As a part of our resourcement project, we have categorized a number of the Reformation churches and schools under the heading “Evangelical Centers of Learning.” Part of our rationale for this approach is our conviction that the identity of the Reformed churches was not simply drawn from abstract theology- not even distinctive theological positions and competing schools of thought. This can be seen by noticing the alliance between the Church of England and the Heidelberg school, an alliance existing at the same time that England viewed Geneva with a good deal of suspicion.
Another example is the use of the term “Puritan.” William Perkins is undeniably a Puritan, even as he defended the establishment of the Church of England along with its episcopacy. James Ussher and Joseph Hall look like, sound like, and are sometimes called “Puritans,” while also having the curious feature of actually being bishops. On the other hand, an opponent of the Puritans, George Herbert, in his The Country Parson, says that a good priest always wears black because he is perpetually in mourning. He then goes on to critique Puritanism for being faithless to the text of Scripture! History is entirely too big for many traditional labels.
And so we have attempted to approach the necessary task of taxonomy and nomenclature from a social and historical point of view, grouping men by their time and region. Doing so has produced some very interesting results. One of the most interesting- and illuminating- is Canterbury, by which we mean the English Establishment. We have found that dedicating a page to these churchmen and statesmen gives a particularly panoramic view of English Protestantism. And in order to whet the appetite of the readers, we’ll post some of the introductory text from that page here:
“Fog in Channel: Continent Cut Off,” or so goes the famous and possibly apocryphal British headline, exemplifying the peculiar British view of its relations to Europe. This anecdote has been cited by a recent historian to make the point that there is certainly something foggy about a great deal of early modern British ecclesiastical history written from the late 19th c until just a few years ago. In this case, the continent which gets obscured by that fog is Continental Protestantism, a movement which the English Reformers considered themselves unqualifiedly part of. The historical revisionism of the Oxford Movement, which systematically misread and misrepresented early modern English formulae and theological works in the doomed hopes of finding them closer to the unreformed, found a sort of broad appeal with an insular-minded sensibility present among many popular writers and even academics, who liked the thesis of English exceptionalism even if more or less indifferent to the essential project of the Oxford revisionists. And of course those who sympathized with the Oxford project were more than happy to promote that account of things. The trouble is that it was largely false. The view that the English Church from the accession of Elizabeth I onward was something other than a Reformed church was contested, of course, by those who knew better, from the time of Newman until recently. But the number of those who know better has been increasing, due in part to the remarkable restorative work of historians such as W.J. Torrance Kirby, Nigel Atkinson, and Peter Nockles.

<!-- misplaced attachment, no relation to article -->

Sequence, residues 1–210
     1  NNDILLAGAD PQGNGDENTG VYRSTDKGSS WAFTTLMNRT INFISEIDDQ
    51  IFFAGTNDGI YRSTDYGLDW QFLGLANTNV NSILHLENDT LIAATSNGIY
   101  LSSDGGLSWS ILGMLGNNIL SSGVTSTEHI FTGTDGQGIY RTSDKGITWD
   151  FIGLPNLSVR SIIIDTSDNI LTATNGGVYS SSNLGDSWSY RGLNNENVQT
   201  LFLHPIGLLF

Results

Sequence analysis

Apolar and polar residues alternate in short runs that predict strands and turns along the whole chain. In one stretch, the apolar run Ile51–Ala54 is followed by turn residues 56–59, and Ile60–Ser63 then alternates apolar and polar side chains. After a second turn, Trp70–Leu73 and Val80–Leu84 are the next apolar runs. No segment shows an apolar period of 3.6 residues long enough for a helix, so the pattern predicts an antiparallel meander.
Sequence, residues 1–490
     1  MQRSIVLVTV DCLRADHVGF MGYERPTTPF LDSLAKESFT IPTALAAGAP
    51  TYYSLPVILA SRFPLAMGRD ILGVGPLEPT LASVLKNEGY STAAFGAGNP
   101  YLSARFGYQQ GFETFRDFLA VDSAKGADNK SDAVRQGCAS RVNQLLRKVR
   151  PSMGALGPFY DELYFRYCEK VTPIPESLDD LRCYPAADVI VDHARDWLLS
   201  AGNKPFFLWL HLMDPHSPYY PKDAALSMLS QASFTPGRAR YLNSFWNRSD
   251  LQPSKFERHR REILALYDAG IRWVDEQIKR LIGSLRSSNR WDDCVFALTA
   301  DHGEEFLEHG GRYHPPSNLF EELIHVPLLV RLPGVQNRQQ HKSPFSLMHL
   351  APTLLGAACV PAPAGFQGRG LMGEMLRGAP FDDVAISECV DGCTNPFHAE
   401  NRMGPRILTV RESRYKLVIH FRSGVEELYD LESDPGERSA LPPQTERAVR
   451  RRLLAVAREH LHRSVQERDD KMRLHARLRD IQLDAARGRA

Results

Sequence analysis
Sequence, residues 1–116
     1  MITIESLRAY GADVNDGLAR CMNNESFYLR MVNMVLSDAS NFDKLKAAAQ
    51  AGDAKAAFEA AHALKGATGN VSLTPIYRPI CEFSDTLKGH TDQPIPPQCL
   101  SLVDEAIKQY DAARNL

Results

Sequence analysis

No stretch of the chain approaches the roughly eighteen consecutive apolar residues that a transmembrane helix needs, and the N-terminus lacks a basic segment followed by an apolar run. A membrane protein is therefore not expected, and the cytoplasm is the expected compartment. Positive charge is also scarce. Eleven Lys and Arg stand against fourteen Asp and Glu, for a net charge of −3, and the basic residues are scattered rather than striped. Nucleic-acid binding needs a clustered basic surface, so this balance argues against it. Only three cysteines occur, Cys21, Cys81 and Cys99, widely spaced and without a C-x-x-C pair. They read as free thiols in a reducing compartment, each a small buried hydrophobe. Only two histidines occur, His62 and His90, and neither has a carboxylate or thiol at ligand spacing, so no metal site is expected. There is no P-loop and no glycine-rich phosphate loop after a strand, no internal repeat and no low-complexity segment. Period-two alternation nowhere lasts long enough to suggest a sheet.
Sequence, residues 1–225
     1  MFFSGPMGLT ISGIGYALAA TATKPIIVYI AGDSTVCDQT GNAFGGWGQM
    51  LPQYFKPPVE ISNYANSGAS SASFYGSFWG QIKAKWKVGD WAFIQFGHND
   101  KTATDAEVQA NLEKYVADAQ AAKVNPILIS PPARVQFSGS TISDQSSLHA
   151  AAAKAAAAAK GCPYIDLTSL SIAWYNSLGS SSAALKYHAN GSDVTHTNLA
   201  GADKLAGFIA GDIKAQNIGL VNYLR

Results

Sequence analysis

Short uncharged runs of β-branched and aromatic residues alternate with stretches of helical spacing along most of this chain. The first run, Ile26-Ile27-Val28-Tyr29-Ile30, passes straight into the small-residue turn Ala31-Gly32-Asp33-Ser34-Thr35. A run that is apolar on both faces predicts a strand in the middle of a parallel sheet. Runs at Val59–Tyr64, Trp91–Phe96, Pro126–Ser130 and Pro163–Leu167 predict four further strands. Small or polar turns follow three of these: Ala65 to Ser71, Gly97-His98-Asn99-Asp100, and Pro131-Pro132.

Why should we care? British Christians and members of the Anglican Communion have to, because this is the history of their own congregations. The rest of us should care because the history of the English church,and the works of its great writers, have had an incalculable effect on English-speaking Christians and indeed on English-speaking people altogether. Also, we feel that the English church under Elizabeth and James offers a fascinating example of a very irenic, comprehensive, and cosmopolitan model of Reformed reflection and community; and it is a shame that many Reformed are unaware that writers such as Hooker, Andrewes, and Field were Reformed too. We hope to be of some help in amending this problem.